Written by Active Minds on Monday the 21st of October 2013.
Lesley Woolfe, Project Co-ordinator for the Association of Jewish Refugees, writes about sharing the experience of an activity or two with one of the people she cares for with dementia.
The First Visit
Mrs. K had suffered a stroke about 9 years ago and is bedbound. She is 92 years young. Loud music was playing when I arrived and the television was on. Mrs. K was only able to say a few words to me but she did seem to be able to use her left hand and pointed at me to get her a photograph of her husband which she held tightly to her.
I asked Mrs. K’s son about her past life and I discovered that she was a keen gardener and she enjoyed amateur painting. I arranged to meet Mrs. K by myself two weeks later.
I ordered two products from Active Minds to take with. One was a book called “In the Garden” and the other was Aquapaint.
When I arrived Mrs. K smiled at me. The room was quiet apart from the television being on which the carer turned off. I asked Mrs. K if she would like to share a book with me and she nodded yes. I used a padded tray so that she did not need to hold the book and we opened the first page. Mrs. K was able to turn the pages herself (which her carer seemed surprised about) and she studied every page with small comments like “lovely” and “that is nice”. She didn’t like the pages in black and white and turned those quicker than the others! Mrs. K looked at the book three times and really seemed to enjoy it. I then went on to use the Aquapaint which requires water and a paintbrush. I helped Mrs. K put the paintbrush in water and she put a few strokes to the picture but didn’t seem to get the same enjoyment as the book. I asked if I could finish the picture for her and she seemed happy for me to do this.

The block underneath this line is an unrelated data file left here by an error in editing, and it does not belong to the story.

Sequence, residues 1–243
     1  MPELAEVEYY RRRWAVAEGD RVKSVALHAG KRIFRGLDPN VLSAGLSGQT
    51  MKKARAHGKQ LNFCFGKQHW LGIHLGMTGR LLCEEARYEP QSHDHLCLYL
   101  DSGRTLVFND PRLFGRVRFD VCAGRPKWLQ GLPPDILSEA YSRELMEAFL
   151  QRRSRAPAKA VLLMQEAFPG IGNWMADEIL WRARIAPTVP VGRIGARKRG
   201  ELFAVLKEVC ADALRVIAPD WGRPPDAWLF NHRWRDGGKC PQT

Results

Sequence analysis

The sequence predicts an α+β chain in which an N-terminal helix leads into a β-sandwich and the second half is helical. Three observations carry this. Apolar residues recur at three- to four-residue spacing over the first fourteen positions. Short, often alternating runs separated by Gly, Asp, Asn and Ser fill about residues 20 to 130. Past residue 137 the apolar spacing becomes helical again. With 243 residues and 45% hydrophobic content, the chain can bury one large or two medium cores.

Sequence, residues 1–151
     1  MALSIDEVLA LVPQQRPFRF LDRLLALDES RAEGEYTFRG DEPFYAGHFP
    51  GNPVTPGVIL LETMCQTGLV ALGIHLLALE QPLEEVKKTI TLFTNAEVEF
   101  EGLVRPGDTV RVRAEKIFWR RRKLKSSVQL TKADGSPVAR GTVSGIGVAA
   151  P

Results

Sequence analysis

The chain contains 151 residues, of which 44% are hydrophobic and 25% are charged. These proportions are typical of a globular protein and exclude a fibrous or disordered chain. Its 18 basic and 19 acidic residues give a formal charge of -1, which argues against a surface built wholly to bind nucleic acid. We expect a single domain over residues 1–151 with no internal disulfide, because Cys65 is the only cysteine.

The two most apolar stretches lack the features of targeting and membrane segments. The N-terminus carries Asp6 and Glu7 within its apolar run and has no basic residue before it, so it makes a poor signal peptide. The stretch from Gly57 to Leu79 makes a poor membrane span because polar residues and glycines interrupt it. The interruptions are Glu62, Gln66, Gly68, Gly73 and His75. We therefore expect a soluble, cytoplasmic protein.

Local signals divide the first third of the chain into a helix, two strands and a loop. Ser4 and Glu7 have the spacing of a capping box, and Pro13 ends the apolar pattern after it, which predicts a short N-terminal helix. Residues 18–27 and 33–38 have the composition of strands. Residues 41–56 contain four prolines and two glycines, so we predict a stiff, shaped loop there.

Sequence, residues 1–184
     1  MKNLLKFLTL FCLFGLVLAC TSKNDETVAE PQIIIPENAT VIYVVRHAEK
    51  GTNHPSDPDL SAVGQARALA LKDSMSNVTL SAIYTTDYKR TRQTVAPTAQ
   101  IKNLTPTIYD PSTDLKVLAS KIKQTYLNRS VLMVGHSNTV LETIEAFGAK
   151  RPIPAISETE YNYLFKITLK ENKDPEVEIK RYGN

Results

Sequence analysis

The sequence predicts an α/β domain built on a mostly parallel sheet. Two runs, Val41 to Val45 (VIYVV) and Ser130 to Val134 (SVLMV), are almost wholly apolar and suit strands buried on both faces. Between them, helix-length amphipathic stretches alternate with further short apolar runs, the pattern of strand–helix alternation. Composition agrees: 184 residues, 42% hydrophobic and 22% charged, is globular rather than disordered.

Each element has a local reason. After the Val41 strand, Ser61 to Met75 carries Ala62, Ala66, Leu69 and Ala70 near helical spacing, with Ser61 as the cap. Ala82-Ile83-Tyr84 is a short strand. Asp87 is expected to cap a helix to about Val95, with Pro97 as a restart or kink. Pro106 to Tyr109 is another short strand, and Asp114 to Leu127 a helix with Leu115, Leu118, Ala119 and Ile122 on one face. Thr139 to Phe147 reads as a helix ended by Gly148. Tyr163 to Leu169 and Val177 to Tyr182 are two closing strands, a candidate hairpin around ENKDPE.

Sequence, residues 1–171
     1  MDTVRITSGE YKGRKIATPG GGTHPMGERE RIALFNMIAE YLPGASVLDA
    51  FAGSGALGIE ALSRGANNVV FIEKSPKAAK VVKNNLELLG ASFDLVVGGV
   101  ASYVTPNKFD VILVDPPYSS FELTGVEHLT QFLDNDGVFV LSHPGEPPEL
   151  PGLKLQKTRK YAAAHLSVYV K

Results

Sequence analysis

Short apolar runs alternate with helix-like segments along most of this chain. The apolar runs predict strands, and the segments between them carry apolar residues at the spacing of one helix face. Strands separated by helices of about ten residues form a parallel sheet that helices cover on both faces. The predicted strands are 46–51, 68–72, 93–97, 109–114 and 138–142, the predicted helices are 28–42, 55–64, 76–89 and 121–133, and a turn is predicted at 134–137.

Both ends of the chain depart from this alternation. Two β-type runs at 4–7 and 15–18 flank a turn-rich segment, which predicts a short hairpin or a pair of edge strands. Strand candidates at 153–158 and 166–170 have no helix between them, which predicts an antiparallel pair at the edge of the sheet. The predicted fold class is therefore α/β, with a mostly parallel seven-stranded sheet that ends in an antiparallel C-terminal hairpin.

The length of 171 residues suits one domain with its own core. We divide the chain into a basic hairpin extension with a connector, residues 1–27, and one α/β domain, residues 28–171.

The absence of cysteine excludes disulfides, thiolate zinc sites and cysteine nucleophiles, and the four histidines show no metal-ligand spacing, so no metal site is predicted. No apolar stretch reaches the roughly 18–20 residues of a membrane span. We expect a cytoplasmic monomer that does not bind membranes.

I said my goodbyes and she waved and smiled at me. What a wonderful visit, helped enormously by the book.
The Second Visit
Mrs. K smiled at me when I arrived. Her carer told me that she had just woken up. She seemed slightly irritated and in some pain. I asked her where the pain was and she pointed to her head and said “kopf” which I understood to mean head. I told the carer who gave her some painkillers.
I then asked her if she would like to look at a book with me and she nodded yes. I again brought out “In the Garden”. Mrs. K turned the pages and then to my surprise read some of the large words at the top of the pages! Mrs. K then became much more engaging and we then looked at photographs of her family.
When I went to leave and put on my jacket she said she liked it. I asked if I could come again next week and she smiled and nodded yes.
I am looking forward to my next visit!
It is so important to allow people to try and use the skills they still have even if it is as small as being able to turn a page of a book; say a few words or just smile.
My name is Lesley Woofe. I am Project Coordinator for the Association of Jewish Refugees. My role is to recruit, train and match volunteer befrienders with our members who have dementia. The Association of Jewish Refugees (The AJR) provides an extensive range of social and welfare services, and grants financial assistance to Jewish victims of Nazi persecution living in Great Britain.
The Organisation was founded as a Friendly Society in 1941 by Jewish refugees from Central Europe and now has extensive experience attending to the needs of Holocaust refugees and survivors who came to this country before, during and after the Second World War.
When caring for our clients with dementia we need to be mindful of past painful memories that we do not wish to evoke and this is an additional challenge for our volunteer befrienders. We therefore need to be inventive and creative when befriending our clients and the Active Minds Books are certainly useful for this.
Thank you to Lesley for her time, and for sharing.